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The source of salmonella contamination of soil on Guam.

The annual incidence of laboratory confirmed salmonellosis on the island of Guam exceeded 100 cases per 100,000 population every year from 1980 through 1989. Typically about 50% of these cases have been infants. Although food poisoning has been incriminated as the cause of salmonellosis in adults on Guam, it has been suggested that infants may more commonly be infected by some other means, possibly by contaminated soil tracked into homes on the footwear of other family members (1).

A study of soil contamination in children's playgrounds apparently supported this hypothesis and concluded that stray dogs might be responsible for the spread of Salmonella bacteria in the environment of Guam (2).

Materials and methods

If stray dogs are the most important source of the environmental contamination with Salmonella bacteria observed on Guam, then areas from which these animals are excluded should be relatively Salmonella-free. To test this hypothesis, Guam villages were surveyed to locate homes of families which did not own dogs or cats but did have an apparently dog-proof fence or wall and gates surrounding their property. A nearby unfenced property (preferably directly across the street) whose owners also did not own dogs or cats was selected for comparison. Approximately 25 gm of surface soil was collected from four corners of each property at least one meter inside the fence or property line. Sterilized wooden tongue depressor blades were used to loosen soil and transfer it to sterile plastic bags for transport to the laboratory. If the family owned a vacuum cleaner, a sample of its contents was also collected. Soil and vacuum cleaner content specimens were examined as previously described (2).


Eighteen (50%) of the soil samples collected from fenced yards were positive for Salmonella, while 22 (62%) of samples from unfenced yards were positive for Salmonella. None of the premises tested (fenced or unfenced) was free of Salmonella contamination. Seven of nine households with fenced yards used a vacuum cleaner in their home; one of these vacuums contained detectable Salmonella (fenced home no. 1, S. oranienburg). Seven of the unfenced homes also used a vacuum cleaner; again one was positive for Salmonella (unfenced home no. 5, S. java).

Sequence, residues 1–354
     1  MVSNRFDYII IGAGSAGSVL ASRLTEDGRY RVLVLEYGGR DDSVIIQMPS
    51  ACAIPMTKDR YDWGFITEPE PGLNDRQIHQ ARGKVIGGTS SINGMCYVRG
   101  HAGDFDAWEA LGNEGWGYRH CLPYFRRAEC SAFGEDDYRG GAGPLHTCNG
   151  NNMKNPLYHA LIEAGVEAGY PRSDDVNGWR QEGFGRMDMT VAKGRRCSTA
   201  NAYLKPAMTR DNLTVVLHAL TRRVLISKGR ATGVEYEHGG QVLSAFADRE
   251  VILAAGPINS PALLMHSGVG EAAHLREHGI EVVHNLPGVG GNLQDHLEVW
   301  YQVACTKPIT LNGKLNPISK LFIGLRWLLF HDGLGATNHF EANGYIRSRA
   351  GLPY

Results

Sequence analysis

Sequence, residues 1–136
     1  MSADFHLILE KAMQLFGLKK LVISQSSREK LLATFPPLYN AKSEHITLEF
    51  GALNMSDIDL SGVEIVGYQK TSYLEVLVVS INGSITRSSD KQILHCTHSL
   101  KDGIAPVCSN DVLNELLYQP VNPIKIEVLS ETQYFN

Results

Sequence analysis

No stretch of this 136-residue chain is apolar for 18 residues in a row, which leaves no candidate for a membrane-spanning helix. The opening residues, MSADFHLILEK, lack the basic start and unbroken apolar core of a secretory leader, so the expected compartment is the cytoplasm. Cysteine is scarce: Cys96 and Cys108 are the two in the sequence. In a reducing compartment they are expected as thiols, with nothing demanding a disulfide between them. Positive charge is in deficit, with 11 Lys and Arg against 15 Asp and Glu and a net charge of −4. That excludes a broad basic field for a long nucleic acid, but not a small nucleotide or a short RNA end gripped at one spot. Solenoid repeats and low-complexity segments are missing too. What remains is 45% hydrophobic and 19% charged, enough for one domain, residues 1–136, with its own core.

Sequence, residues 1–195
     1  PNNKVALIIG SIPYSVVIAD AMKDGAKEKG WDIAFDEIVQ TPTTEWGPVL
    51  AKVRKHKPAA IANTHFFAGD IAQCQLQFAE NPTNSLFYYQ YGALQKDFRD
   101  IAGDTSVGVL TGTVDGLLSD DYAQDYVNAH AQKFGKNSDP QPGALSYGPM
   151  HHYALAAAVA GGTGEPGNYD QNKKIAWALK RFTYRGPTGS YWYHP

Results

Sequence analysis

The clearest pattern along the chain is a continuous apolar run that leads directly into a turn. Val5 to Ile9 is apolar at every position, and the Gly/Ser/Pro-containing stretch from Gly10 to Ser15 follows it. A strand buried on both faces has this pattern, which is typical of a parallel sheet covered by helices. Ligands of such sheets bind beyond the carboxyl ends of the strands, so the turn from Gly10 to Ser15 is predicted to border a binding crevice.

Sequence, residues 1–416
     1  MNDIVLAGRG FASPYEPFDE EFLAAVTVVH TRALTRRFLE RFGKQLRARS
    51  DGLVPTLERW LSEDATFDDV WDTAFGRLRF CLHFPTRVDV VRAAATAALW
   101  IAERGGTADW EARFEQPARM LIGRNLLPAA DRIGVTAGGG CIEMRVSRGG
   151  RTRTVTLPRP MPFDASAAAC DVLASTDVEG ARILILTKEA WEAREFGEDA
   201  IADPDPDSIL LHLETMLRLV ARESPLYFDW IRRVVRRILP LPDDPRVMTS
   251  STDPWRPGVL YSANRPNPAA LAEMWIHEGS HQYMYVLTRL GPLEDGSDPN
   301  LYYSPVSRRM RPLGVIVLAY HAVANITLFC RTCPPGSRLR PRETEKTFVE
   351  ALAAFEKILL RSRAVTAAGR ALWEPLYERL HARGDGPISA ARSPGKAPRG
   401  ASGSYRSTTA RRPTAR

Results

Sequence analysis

This study found that samples collected from unfenced yards of homes on Guam were more frequently contaminated with Salmonella bacteria than those collected from fenced yards, but the difference was not statistically significant (odds ratio = 0.64, 95% confidence interval = 0.22-1.80). These results suggest that animals other than stray dogs must also be important sources of the unusually heavy environmental contamination with Salmonella bacteria observed on Guam compared to other areas (3). The fact that no fenced yards were found to be Salmonella-free also suggests that small animals for which most fences are not an effective barrier must be contributing to this problem. All of the native birds of Guam are extinct or greatly reduced in number due to predation by an introduced snake species (4) but a recent study has shown that a small lizard (Carlia sp.) and a toad (Bufo marinus), both common in residential areas of Guam, are frequent carriers of Salmonella bacteria (5). Lizards and toads may, in fact, serve as surrogates for spreading the Salmonella serotypes carried by dogs as they have been observed stationing themselves near fresh dog stools to collect the flies that are attracted.

Fencing of yards, then, may minimize the public nuisance impact of stray dogs but cannot be depended upon to provide protection against the spread of Salmonella contamination to the home environment. This risk is emphasized by the finding of Salmonella bacteria in two of the 14 vacuum cleaners examined in this study. In both cases, the Salmonella serotype isolated from the vacuum cleaner had also been isolated from yard soil of the same house, suggesting that yards may have been the source of this contamination.


1. Haddock, R.L. and J. Malilay (1986), "A search for infant salmonellosis risk factors on Guam," Southeast Asian J. Trop. Med. Pub. Health 17:38-42.

2. Haddock, R.L. and F.A. Nocon (1986), "Salmonella contamination of soil in children's play areas on Guam," J. Environ. Health 49:158-160.

3. Haddock, R.L., C. Murray, A. Kuhmonen, G. Giammanco, M. Jegathesan, E.K. Pretrick, K.T. Goh and E. Vallone (1986), "Salmonella contamination of children's play areas: An international survey," J. Environ. Health 49:161-162.

4. Savidge, J.A. (1987), "Extinction of an island forest avifauna by an introduced snake," Ecology 68:660-668.

5. Haddock, R.L., F.A. Nocon, E.A. Santos and T.G. Taylor (1990), "Reservoirs and vehicles of Salmonella infection on Guam," Environ. Int. 16:11-16.
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Article Details
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Author:Nocon, Florencia A.
Publication:Journal of Environmental Health
Date:May 1, 1993
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